Finally, petitioner relies heavily on cases involving what he claims to be analogous transactions, especially those dealing with gifts of stock to a charity followed by a redemption of such stock by the corporation. We dealt at some length with these cases and cases involving seemingly analogous situations in Gordon v. Commissioner [Dec. 42,326], 85 T.C. at 327, and concluded that such cases "are sufficiently distinguishable in terms of their factual context and the issue involved so as not to furnish any significant guidance to our decision herein." We continue to adhere to that view.
Petitioner attaches great significance to the fact that gift tax returns were filed in respect of all the funds provided by petitioner, whereas in Gordon v. Commissioner, supra, most of the transfers of funds by the taxpayer to the holder of the remainder interest were not reflected in any gift tax returns. We are not persuaded that this provides a significant basis for distinguishing Gordon. Such returns merely reflect the values of the gifts 8 to the recipients which happen to coincide with the amounts of the funds transferred. Although the gift tax returns stated that the gifts were cash gifts, such self-serving labeling is not determinative and its impact is not significant in light of the other factors discussed herein which cause us to conclude that interests in the bonds themselves were the subject matter of the gifts. * Moreover, the tax impact of the gifts, i.e., the potential loss, at an indeterminate future date, of a portion of petitioner's estate tax exemption by virtue of the utilization of the unified credit is a far cry from the income tax consequences of the receipt of wages by Hansen in Richard Hansen Land, Inc. v. Commissioner [Dec. 49,080(M)], T.C. Memo. 1993-248.
8 See supra note 3.
* By official Tax Court Order dated November 18, 1996, and signed by Judge Theodore Tannenwald, Jr., the above paragraph was amended to read as indicated.
Petitioner's principal argument rests on the absence of any legal obligation on Nancy, Meredith, or Permenter to use the funds provided by petitioner to acquire the remaining interests. While this is an important element, it is not controlling, as our opinion in Gordon v. Commissioner, supra, makes clear. Indeed, as we pointed out in Gordon, the freedom of Nancy, Meredith, and Permenter legally to refuse to utilize the funds provided by petitioner to pay for the remaining interests "is of minimal significance where * * * the facts reveal that the entire transaction was set up around the expectation that the joint implementation of the * * * [taxpayer's] investment strategy would occur." Gordon v. Commissioner [Dec. 42,326], 85 T.C. at 331 n.16. We think that the pattern of the transactions herein unquestionably falls within the "expectation" parameter. 9 Unquestionably, petitioner was the architect of the investment strategy and orchestrator of its implementation. We are aware that the parties have stipulated that "Because of Julian's tax, financial, and business expertise, Meredith and Nancy generally consult with Julian about all major or significant financial transactions." But such a general description lacks the quality necessary to support the conclusion that there was meaningful advance consultation and exercise of independent judgment by Nancy and Meredith in respect of the specific transactions involved herein, to say nothing of the fact that the stipulation does not include any reference to Permenter. Moreover, we note that Exhibits A executed by petitioner and Nancy, Meredith, or Permenter were uniformly dated the same day as the comnfirmations from Prudential Bache. ** The amounts of funds provided from time to time by petitioner to Nancy, Meredith, and Permenter were, within pennies, equal to the amounts of the checks they issued to Prudential Bache; by way of contrast, the separate funds of the trust in Gordon v. Commissioner, supra, were used albeit to a minor extent. The time spans between confirmation, payment, and closing dates reflected in Exhibit 1 to this opinion are such as to indicate that neither Nancy, Meredith, nor Permenter had any meaningful opportunity or desire to exercise dominion and control over the funds and elect not to participate in the purchases.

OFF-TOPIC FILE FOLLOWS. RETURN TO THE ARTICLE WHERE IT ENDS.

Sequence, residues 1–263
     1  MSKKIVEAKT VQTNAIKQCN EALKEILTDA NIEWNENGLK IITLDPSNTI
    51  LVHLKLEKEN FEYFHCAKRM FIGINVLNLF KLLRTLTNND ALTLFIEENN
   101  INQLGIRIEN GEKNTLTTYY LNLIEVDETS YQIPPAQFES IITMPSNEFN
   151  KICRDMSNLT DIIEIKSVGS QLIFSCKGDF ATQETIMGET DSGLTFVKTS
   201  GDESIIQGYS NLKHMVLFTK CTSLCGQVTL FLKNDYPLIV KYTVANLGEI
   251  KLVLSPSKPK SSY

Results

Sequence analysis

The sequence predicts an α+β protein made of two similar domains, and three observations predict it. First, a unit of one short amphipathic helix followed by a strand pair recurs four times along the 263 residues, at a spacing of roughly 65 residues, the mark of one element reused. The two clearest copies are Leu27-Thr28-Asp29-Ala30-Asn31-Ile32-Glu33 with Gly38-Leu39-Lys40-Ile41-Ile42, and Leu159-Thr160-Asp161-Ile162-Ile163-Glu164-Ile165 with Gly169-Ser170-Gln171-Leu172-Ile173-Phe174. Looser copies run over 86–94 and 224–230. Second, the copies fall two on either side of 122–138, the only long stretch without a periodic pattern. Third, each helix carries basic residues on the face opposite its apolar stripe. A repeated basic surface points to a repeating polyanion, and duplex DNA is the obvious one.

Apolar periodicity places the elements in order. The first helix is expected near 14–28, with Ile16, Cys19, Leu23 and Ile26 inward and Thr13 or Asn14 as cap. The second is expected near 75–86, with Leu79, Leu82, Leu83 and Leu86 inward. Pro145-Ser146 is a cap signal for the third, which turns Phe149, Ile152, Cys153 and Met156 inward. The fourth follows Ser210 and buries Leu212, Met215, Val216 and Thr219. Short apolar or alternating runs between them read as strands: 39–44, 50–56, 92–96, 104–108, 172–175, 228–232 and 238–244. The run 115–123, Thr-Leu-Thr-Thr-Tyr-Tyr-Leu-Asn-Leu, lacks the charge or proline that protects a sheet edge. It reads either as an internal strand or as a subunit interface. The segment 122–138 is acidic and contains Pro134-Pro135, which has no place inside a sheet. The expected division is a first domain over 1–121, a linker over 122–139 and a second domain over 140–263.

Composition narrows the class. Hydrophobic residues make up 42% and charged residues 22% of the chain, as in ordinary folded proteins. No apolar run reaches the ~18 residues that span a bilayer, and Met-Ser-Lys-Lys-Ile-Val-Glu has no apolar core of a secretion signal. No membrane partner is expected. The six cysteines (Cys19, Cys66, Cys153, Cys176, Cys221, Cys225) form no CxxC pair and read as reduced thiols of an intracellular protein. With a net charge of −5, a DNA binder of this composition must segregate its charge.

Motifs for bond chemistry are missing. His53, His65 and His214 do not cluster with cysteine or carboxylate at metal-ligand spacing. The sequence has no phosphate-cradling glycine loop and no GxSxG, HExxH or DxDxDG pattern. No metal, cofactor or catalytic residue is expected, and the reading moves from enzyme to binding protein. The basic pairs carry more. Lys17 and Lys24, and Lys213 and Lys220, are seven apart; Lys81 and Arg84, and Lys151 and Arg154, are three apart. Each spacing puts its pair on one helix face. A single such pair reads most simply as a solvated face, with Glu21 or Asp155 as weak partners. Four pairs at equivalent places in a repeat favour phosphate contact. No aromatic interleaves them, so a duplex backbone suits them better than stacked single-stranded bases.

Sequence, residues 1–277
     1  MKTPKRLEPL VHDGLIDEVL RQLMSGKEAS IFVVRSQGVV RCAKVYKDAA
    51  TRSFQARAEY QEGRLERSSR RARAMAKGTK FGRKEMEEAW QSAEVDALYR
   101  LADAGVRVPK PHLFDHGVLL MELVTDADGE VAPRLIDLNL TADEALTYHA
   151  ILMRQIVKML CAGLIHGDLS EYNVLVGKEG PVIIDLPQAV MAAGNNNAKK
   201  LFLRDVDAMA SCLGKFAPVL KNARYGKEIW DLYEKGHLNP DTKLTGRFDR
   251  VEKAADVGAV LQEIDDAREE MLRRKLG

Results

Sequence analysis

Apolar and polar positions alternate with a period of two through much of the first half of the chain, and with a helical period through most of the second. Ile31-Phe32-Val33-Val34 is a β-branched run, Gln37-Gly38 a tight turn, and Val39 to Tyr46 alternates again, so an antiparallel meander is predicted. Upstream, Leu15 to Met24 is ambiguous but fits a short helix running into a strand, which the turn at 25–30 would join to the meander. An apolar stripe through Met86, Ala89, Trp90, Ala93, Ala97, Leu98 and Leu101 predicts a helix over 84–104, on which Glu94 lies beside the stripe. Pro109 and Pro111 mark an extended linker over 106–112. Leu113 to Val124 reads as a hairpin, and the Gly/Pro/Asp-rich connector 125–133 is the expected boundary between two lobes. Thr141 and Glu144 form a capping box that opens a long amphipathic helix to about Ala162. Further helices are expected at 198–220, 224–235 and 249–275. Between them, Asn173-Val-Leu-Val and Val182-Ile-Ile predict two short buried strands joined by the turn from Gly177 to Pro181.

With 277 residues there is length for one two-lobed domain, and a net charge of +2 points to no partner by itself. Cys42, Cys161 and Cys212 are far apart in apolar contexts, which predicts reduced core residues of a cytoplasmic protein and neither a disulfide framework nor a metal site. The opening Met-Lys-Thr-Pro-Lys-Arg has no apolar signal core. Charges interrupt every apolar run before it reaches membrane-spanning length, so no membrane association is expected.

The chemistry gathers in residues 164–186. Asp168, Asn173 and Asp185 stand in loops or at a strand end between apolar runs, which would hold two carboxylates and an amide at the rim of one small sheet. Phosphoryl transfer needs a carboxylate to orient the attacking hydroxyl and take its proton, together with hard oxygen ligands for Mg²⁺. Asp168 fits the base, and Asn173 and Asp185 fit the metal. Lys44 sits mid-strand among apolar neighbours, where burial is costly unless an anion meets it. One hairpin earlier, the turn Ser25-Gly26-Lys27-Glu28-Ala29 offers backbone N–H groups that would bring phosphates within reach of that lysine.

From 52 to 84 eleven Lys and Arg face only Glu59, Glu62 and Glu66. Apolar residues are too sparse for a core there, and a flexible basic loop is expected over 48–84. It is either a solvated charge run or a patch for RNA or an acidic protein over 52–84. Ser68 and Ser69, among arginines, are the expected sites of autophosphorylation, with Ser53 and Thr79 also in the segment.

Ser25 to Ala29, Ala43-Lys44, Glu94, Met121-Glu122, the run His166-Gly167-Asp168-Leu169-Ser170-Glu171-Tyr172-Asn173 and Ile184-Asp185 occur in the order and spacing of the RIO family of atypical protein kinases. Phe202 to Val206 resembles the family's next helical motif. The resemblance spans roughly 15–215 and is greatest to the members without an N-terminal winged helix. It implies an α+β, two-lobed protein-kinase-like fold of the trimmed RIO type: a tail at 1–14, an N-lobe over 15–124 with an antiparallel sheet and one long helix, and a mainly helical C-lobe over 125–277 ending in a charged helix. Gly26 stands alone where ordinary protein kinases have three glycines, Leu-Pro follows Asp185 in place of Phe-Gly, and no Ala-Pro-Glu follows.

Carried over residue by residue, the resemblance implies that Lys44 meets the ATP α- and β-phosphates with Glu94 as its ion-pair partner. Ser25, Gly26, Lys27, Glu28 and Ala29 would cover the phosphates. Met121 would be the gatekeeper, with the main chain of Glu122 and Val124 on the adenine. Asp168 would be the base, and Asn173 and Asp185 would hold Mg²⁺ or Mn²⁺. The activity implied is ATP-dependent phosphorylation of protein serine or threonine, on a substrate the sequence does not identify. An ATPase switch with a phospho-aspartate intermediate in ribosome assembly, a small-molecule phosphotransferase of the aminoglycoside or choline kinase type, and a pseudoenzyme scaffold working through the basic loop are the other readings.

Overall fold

9 Cf. Muserlian v. Commissioner [91-1 USTC ╤ 50,204], 932 F.2d 109, 113 (2d Cir. 1991, affg. [Dec. 46,013] T.C. Memo. 1989-493.
** By official Tax Court Order dated November 18, 1996, and signed by Judge Theodore Tannenwald, Jr., the above paragraph was amended to read as indicated.
In short, we are satisfied that, on the basis of the record as a whole, petitioner, like the taxpayer in Gordon v. Commissioner, supra, acquired the entire ownership in the bonds and then divided that ownership by retaining a life interest and transferring the remaining interests to Nancy, Meredith, and Permenter.
In arriving at this conclusion, we recognize that we reached an opposite result in Richard Hansen Land, Inc. v. Commissioner, supra. However, the factual circumstances in Hansen Land were quite different; in particular, in the case of Richard Hansen, he acquired the remainder interest with funds that he received as taxable income in a transaction whose bona fides were not questioned by respondent. His wholly owned corporation, whose separateness was also not questioned by respondent, acquired the amortizable term interest, and the Kammerzells utilized their own separate funds.
Concededly, the disposition of cases such as the one before us inevitably involves the difficult task of line drawing. But, as we have previously observed:
the necessity of drawing lines is part of the daily grist of judicial life and should not influence us to adopt another rule simply to avoid difficulties in application. See Estate of Lillie MacMunn Stewart [v. Commissioner] [Dec. 29,704], 52 T.C. 830, 836 (1969), revd. on other grounds [71-1 USTC ╤ 12,731] 436 F.2d 1281 (3d Cir. 1971). [ Allen v. Commissioner [Dec. 33,837], 66 T.C. 340, 346 (1976); fn. ref. omitted.]
In view of our conclusion, we have no need to address the application of section 167(e) in respect of the transactions under the October 31, 1989, and June 15, 1990, agreements and the question whether Nancy's secondary life interest constituted a remainder interest for the purpose of that section. See H. Rept. 101-247 at 1361-1362 (1989); H. Conf. Rept. 101-386 at 625-626 (1989).
In view of the foregoing,
Decision will be entered for respondent.
EXHIBIT 1 Reflecting Bond Purchases Involved in Kornfeld v. Commissioner, docket No. 13169-95